Jelly Roll Morton, Inventor Of Jazz, Online Book by Alan Lomax

with Some sheet music & lyrics.

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As the legend grew and flowered over the keyboard of that Congressional grand piano, the back seats of the hall filled with ghostly listeners—figures dressed in Mardi Gras costumes, fancy prostitutes in their plumes and diamonds, tough sports from Rampart Street in pegtop trousers and boxback coats, cable-armed black longshoremen from the riverfront, octo­roons in their brilliant tiyorts giggling at Morton s tales, old ladies framing severe parchment faces in black shawls, jazz­men of every complexion playing a solid background on their horns—for this was their legend that Jelly Roll was weaving at the piano, a legend of the painful and glorious flowering of hot jazz in which they had all played a part.
In New Orleans, in New Orleans Louisiana Town . . .
Something came along there where the Mississippi Delta washes its muddy foot in the blue Gulf, something that bullies us, enchants us, pursues us out of the black throats of a thou-saad thousand music boxes. This somertnng was jazz, which took shape in New Orleans around 1900 and within a genera­tion was beating upon the hearts of most of the cities of the world.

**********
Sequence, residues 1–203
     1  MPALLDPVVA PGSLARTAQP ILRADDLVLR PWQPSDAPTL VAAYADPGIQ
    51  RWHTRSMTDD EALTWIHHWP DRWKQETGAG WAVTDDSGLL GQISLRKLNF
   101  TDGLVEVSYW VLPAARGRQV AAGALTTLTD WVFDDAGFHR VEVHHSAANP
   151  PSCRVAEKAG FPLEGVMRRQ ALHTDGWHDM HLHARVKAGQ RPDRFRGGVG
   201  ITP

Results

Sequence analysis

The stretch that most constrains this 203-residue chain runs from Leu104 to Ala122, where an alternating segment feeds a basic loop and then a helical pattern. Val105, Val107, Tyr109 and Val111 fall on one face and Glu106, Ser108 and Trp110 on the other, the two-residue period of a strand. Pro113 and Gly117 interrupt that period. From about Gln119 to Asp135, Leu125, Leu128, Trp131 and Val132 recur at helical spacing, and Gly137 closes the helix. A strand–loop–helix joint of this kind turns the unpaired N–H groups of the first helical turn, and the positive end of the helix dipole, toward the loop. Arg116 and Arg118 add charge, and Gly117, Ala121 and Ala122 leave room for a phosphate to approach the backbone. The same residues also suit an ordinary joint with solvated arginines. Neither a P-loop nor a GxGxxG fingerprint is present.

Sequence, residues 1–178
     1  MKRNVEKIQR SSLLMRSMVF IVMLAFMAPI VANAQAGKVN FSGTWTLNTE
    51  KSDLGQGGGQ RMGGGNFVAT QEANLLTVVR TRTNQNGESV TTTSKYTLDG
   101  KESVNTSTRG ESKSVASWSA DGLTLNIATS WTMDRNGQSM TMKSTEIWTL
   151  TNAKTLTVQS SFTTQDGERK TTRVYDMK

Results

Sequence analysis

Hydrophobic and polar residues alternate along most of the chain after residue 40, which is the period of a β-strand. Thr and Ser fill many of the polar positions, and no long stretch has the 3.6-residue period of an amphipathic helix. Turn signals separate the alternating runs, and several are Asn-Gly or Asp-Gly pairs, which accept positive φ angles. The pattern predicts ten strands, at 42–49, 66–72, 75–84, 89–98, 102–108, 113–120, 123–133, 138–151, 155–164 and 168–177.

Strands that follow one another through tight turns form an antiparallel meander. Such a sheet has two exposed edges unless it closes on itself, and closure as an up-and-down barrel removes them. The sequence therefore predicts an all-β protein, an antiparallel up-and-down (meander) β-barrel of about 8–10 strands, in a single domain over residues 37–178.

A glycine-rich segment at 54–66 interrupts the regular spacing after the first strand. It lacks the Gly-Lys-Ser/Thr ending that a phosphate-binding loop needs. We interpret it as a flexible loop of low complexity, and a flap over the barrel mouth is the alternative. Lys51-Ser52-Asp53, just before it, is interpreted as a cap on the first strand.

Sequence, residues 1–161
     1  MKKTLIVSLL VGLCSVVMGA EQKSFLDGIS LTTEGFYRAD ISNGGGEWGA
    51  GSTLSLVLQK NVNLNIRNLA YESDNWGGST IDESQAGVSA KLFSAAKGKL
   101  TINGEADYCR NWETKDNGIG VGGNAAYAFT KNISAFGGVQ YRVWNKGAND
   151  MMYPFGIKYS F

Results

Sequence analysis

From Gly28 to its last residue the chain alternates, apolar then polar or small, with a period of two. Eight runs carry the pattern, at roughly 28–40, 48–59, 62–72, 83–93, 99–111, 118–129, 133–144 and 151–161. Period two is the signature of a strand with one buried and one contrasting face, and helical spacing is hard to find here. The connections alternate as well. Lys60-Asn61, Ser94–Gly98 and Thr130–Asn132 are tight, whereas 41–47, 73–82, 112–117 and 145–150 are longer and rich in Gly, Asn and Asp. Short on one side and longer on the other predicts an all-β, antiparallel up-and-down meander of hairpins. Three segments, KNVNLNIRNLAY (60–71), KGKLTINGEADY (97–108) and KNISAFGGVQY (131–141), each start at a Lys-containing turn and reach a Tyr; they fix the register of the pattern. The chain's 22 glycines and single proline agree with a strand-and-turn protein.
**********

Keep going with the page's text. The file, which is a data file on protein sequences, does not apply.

A half century later the lineage of every fine jazz musician can still be traced back to the handful of half-caste Creoles, who performed the original act of creation. As Jelly Roll is the "father" of hot piano, so black Buddy Bolden opened the way for other hot trumpet players, and Papa Tio taught "us afl how to play clarinet." All these men knew each other. As boys they followed the parades together or, split into neighbor­hood gangs and fought bloody rock fights in the alleys. Later they wove together the complex fabric of hot jazz, an American creation at first scorned by the aesthetes and banned by the moralists. Meantime the fox-trot became our national dance. Today jazz lends its color to most American music and to a great deal of the popular music of the world, as well.